Compared to a Mrs Brown's Boys script, a typical Stath Lets Flats (2018-) screenplay is barely even recognisable as a sitcom. "The scripts are written sort of phonetically and there's no joke," says Demetriou. "The characters are all just, like, thick and flawed in their own way, and unfunny. It's kind of a daunting experience reading the script without anyone saying it, because you're like, 'This is 180 pages of people calling each other cheeky'."
Demetriou won three Baftas for the second series of Stath Lets Flats last year. He broke through while performing in the University of Bristol’s Edinburgh Fringe revue at the turn of the 2010s. In 2013, the first iteration of Stath Lets Flats was broadcast as one of three five-minute shorts he made for Channel 4’s Comedy Blaps strand on YouTube and All4. After five years of development, its first series aired in 2018. Like a lot of comedians his age, his sensibilities were formed as a teenager by endless rewatches of the sitcoms which changed everything: The Office, The Royle Family and, most of all, I’m Alan Partridge. "I’ve watched the Partridge DVD menu for 45 minutes at a time," he says.
He and the other writers of our best new sitcoms grew up with a completely different idea of what a sitcom could do and look like, and not just on the page. The dawn of lightweight, affordable digital cameras in the mid-Aughts meant a crew of two or three could now achieve what had once required dozens of studio staff. Suddenly anyone could shoot anything almost anywhere.
"It's great," says Sarah Hammond, producer on the second series of Fleabag and Daisy Haggard’s Back to Life, about a woman awkwardly edging back into society after leaving prison. "You travel light, you hop around."
That doesn’t just mean characters cover more ground. There’s now an intimacy to sitcoms which wasn’t there before, heightened by the all-pervading wobble-cam shooting style, which gives everything a documentary feel. Even a big character comedy like Man Like Mobeen has the same look as a prestige drama. Some go even further. Back to Life, Fleabag and Aisling Bea’s post-breakdown recovery sitcom, This Way Up (2019-), added letterboxing bars at the top and bottom of the screen and were shot with anamorphic lenses which, says Hammond, “allowed us to have the indie movie feel”.
It’s reflective of a deeper shift in what writers and producers want sitcoms to do. Rather than being machines that crank out gags, they’re miniature movies reaching for gravitas as well as laughs. More and more, that "realness" Popper describes means emotional openness and rounded characters who, unlike their studio forebears, don’t act like they’re in a sitcom.
In the Seventies and Eighties, Liverpudlian writer Carla Lane’s subtle, empathetic sitcoms about women yearning for fulfilment and excitement, like Butterflies (1978-83) and Solo (1981-82), confused reviewers and audiences. Now, though, they’d sit comfortably next to This Way Up or Mae Martin’s Feel Good (2020-21), about a stand-up and recovering addict whose new girlfriend insists they rejoin Narcotics Anonymous. The new wave of sitcoms tend to have an overarching, emotionally charged arc built into them from the start. Even big character sitcoms, like Stath Lets Flats, are poignant as often as they are funny.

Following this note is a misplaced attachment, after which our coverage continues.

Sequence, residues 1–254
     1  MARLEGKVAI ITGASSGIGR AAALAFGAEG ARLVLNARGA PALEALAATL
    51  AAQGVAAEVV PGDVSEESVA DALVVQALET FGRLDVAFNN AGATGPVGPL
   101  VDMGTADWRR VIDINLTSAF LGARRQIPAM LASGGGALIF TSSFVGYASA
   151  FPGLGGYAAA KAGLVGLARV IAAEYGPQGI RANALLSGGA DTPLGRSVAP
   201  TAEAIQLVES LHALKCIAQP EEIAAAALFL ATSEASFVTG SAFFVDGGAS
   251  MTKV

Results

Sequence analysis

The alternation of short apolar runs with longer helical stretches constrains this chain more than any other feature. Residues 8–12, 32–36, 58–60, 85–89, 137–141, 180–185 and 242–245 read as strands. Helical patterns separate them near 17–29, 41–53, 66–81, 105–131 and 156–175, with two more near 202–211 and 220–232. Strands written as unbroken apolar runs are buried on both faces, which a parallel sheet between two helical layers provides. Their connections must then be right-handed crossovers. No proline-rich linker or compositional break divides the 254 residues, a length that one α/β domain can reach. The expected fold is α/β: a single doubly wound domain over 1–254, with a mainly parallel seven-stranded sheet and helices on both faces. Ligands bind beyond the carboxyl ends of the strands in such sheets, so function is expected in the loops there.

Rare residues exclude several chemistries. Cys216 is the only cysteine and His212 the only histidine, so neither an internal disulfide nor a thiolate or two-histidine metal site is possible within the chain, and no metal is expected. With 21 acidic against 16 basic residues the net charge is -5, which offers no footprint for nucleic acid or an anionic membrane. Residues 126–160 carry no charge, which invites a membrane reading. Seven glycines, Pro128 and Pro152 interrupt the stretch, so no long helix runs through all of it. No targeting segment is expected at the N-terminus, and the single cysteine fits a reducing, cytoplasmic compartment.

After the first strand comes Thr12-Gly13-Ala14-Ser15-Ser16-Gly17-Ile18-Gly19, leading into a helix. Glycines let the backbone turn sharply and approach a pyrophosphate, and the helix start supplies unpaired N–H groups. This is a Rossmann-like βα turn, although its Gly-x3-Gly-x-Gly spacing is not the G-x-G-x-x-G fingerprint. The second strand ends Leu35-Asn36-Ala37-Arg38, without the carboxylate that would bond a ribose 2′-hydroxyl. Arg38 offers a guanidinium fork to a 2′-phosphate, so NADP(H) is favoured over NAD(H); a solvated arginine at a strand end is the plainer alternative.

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"What I like about a narrative thing is the richness of it, and being able to see somebody’s whole world," says Martin. "And I think that when you can identify with somebody and empathise with them it’s a lot easier to understand some of these things which on paper you might feel you wouldn’t relate to, but of course we all do."
Her Feel Good co-star Charlotte Ritchie, also of new golden age hits Ghosts (2019-), Fresh Meat (2011-16) and Dead Pixels (2019-), agrees.
"I think also there’s a real truth that in life there’s a lot of jokes, and actually more than anything we use humour as a deflection technique and I think that that’s so much more realistic in some ways than people being articulately written," she says. "Personally I’m such a big fan of the genre in general because it feels more true to life."
Demetriou and Martin's generation, raised on "very sophisticated American HBO shows and the like, and indie films," are, Allen says, "wanting to go for those deeper dives into characters, so rather than have a sort of a two-dimensional Brittas Empire kinda guy who's just sort of uptight, they'd be more interested in the complexities and naturalistic kind of thing".
Aisling Bea ums and ers about the idea of being part of a particular sitcom generation with the likes of Martin, Michaela Coel and Phoebe Waller-Bridge. "I mean, it’s hard to deny the word ‘generation’ when we’re literally all around the same age," she says. "It’s exciting though, and they’re all people I’m inspired by and I look up to. And know; I know what they’ve been through and worked with, and it’s a lot to do. There aren’t lots of us that have written and been in our own things, and it’s a lot."
The emergence of so many writer-performers in the last five years – and particularly people she has gigged with, been to the same Edinburghs as, shares friends with – is helpful.